I promise to critically examine the systems and experiences that impact every person’s health and ability to receive care.

I vow to use this knowledge to uplift my patients and disrupt the injustices that harm them as I forge the future of medicine.

I acknowledge the background and experiences that enrich my perspectives while recognizing the limitations, shortcomings, and biases that I bring to each encounter with patients and colleagues. 

I promise to self-reflect diligently, to confront unconscious prejudices, and to develop the skills, knowledge, and character necessary to engender an inclusive, equitable field of medicine.

I commit to fostering empathy and a culture of care, not just for our patients but for ourselves and our colleagues in healthcare.

I vow to remember the humanity and fallibility of myself and every member of the care team, and to call upon my colleagues for assistance in recognition of the limits of my knowledge and skills.

I acknowledge and embrace the diversity that exists within all communities, and the formative influence that the Washington Heights community will have on my future as a physician.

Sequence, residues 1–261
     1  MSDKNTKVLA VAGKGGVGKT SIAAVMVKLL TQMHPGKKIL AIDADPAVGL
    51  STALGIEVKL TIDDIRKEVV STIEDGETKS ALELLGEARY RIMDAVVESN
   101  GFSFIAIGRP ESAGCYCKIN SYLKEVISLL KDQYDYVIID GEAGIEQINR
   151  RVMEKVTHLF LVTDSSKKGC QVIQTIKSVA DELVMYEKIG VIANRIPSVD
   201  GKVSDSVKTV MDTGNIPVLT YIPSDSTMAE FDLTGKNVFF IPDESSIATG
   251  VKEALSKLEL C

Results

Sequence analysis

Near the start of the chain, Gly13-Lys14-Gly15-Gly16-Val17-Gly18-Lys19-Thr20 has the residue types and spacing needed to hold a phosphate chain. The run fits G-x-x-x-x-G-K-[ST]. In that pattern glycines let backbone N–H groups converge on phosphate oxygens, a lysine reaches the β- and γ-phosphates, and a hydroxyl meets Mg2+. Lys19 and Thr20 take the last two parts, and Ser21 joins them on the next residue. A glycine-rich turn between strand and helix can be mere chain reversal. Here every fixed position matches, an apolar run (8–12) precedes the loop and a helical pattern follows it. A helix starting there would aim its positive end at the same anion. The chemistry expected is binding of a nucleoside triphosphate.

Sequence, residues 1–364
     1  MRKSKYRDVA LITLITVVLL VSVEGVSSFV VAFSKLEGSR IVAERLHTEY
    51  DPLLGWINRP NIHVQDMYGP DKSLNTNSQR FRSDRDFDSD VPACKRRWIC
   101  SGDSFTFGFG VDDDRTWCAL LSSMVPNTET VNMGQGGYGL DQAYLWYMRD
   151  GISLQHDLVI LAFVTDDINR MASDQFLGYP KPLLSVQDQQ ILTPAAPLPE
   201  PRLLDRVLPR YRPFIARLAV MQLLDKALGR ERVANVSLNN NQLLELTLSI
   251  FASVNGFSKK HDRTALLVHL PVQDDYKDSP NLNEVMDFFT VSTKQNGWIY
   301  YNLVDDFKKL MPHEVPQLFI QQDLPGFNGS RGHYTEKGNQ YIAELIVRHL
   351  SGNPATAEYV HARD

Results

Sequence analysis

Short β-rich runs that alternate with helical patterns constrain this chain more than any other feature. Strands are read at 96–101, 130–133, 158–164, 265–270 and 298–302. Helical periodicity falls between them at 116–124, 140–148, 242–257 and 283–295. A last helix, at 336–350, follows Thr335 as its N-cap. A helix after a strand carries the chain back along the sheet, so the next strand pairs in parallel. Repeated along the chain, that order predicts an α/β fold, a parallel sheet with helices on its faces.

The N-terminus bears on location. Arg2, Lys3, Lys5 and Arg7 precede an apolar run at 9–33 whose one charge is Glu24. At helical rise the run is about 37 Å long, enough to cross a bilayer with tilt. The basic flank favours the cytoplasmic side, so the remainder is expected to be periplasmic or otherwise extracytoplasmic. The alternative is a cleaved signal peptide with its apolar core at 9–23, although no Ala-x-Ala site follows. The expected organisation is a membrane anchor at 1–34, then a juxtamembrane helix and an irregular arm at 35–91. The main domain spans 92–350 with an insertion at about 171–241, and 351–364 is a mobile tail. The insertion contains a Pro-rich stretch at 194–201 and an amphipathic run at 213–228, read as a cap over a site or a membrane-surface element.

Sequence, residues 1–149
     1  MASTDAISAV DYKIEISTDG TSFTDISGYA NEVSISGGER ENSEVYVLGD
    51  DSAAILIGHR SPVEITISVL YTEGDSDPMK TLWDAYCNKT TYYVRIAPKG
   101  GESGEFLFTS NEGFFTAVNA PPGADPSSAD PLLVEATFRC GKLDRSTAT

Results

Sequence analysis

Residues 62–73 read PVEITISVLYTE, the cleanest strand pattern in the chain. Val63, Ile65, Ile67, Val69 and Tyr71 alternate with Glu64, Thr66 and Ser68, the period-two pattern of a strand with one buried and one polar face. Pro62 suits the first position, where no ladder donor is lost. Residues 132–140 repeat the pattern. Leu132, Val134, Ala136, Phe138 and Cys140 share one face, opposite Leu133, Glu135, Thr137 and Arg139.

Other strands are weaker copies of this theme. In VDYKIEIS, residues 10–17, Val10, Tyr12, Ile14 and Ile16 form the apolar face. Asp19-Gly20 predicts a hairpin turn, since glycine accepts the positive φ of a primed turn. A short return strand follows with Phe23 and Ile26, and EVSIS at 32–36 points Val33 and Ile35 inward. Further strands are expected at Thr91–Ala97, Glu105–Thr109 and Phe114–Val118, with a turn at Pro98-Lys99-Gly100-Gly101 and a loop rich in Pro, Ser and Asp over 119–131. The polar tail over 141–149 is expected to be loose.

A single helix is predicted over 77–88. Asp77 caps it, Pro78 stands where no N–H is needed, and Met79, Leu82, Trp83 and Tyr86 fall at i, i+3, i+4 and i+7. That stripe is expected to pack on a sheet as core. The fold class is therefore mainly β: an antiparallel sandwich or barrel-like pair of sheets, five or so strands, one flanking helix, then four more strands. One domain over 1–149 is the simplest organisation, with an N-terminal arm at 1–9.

I promise to respect, regardless of identity or socioeconomic status, the fundamental dignity of all patients, colleagues, and community members, and their right to quality care.

I vow to restore trust where it has been broken and to inspire and nurture trust in the relationships I build with patients, through collaborative effort with my classmates, colleagues, and communities.

Let us bow our heads in recognition of the gravity of this oath; we swear to faithfully engage with these ideals and obligations for the ongoing betterment of medicine and humanity.”

Note that while a lot of it is traditional and appropriate, there are also tropes about confronting unconscious bias (a contentious claim) and pledges to confront “systemic issues,” and to “disrupt injustices”. It’s as much aboout self-flagellation of the students as it is about their promises for the future.  Note as well that the pledge to abide by “evidence-based care” conflicts with Minnesota’s pledge to to honor “all Indigenous ways of healing that have been historically marginalized by Western medicine.” I guess “honoring” is different from “employing”.